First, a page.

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Infertility – the making of a modern experience, Germany 1870–1930

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When IVF was introduced, it was seen as ushering in a new era marked by the ability to manipulate life. Regarding infertility, IVF was perceived as a watershed, neatly dividing a past in which infertility had been regarded as fate and present in which involuntarily childless couples faced unprecedented but ethically problematic options. Historians of medicine would not subscribe to this view. Rather they would point to the fact that infertility had long been perceived as a medical condition, demanding sound diagnosis and at times rather aggressive forms of treatment. In my paper, I will ask how the meaning of infertility changed during the late 19th and the early 20th century. I will look at the forms of diagnosis and treatment that were available during this period but also at the changing value Western societies attributed to motherhood and fatherhood, to children and to the ability to shape one’s own life course. Was there something specifically ‘modern’ about the ways in which infertility was perceived during this period? How does it compare to earlier times? And if there was substantial change, how can we understand the relationship between broader social and cultural changes and the dynamics brought about by advances in science and medicine?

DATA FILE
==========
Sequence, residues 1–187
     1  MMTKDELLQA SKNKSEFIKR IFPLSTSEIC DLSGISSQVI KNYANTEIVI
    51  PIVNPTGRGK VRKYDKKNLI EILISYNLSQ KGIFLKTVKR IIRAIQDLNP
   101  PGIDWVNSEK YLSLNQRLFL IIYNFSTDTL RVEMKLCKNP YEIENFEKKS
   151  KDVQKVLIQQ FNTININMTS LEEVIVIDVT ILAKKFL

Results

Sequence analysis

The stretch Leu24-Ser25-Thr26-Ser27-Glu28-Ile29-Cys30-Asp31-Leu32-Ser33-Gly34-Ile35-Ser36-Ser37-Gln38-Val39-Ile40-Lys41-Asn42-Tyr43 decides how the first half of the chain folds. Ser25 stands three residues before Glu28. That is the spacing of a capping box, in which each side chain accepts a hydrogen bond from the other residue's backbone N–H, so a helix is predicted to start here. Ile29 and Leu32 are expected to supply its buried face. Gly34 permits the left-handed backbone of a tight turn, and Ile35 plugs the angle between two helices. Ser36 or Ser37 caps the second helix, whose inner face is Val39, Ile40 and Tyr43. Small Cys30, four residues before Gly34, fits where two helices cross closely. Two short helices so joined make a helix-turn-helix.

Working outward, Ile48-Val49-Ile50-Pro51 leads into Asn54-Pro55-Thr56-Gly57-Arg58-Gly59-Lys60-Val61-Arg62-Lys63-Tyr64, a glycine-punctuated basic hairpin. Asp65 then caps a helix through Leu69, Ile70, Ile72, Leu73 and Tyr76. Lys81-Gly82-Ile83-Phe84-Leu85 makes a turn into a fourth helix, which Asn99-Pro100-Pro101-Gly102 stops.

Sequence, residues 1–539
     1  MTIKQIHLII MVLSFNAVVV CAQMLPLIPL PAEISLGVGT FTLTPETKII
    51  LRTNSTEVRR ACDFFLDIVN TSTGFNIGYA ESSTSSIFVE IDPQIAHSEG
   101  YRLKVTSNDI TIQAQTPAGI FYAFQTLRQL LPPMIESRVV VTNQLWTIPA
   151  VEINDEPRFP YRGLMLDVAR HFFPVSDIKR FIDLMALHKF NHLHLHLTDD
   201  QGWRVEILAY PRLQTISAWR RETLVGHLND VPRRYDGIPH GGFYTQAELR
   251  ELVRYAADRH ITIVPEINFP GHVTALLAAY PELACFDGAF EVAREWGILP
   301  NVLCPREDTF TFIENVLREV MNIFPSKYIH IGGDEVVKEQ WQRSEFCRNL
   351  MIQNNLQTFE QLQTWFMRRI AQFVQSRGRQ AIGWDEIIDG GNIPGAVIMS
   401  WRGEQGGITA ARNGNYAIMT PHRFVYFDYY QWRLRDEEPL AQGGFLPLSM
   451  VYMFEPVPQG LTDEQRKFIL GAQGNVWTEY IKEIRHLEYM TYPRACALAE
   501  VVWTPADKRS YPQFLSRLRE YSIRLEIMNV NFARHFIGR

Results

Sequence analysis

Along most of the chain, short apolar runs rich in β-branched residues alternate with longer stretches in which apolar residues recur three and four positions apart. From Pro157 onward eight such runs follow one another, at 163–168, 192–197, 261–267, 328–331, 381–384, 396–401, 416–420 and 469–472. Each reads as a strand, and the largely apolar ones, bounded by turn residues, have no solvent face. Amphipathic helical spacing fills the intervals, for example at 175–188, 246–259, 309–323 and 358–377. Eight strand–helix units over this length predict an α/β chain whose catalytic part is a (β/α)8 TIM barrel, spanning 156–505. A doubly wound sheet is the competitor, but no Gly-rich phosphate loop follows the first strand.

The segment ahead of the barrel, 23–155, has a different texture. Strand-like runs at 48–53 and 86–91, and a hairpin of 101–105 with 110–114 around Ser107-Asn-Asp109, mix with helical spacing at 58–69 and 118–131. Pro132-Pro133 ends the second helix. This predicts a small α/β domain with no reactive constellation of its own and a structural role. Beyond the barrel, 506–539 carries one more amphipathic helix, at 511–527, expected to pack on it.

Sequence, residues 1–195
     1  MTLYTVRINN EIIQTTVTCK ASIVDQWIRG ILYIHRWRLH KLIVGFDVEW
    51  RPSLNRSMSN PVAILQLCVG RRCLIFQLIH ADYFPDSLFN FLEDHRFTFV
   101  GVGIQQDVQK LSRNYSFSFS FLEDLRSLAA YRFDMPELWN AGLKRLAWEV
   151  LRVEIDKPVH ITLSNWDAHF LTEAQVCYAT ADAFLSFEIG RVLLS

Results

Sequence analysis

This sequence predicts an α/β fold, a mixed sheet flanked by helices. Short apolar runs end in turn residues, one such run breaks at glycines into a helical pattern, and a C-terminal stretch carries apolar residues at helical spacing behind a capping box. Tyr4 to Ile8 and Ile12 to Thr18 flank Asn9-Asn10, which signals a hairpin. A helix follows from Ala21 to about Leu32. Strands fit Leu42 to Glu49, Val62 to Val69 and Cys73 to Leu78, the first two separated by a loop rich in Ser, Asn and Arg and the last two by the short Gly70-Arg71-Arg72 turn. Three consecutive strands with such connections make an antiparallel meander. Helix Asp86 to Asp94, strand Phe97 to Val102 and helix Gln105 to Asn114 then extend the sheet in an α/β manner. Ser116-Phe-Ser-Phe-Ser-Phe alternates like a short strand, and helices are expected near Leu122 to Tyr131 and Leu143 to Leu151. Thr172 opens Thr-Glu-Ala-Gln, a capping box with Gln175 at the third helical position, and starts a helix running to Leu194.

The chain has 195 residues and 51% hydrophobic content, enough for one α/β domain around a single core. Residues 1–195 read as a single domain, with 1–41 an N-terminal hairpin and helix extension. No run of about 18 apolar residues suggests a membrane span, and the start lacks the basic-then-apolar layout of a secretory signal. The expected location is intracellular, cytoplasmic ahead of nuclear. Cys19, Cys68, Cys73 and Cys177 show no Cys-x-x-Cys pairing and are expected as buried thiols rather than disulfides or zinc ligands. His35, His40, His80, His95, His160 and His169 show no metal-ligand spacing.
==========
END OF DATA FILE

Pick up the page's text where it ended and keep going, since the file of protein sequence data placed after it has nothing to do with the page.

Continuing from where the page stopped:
This talk is part of the Departmental Seminars in History and Philosophy of Science series.

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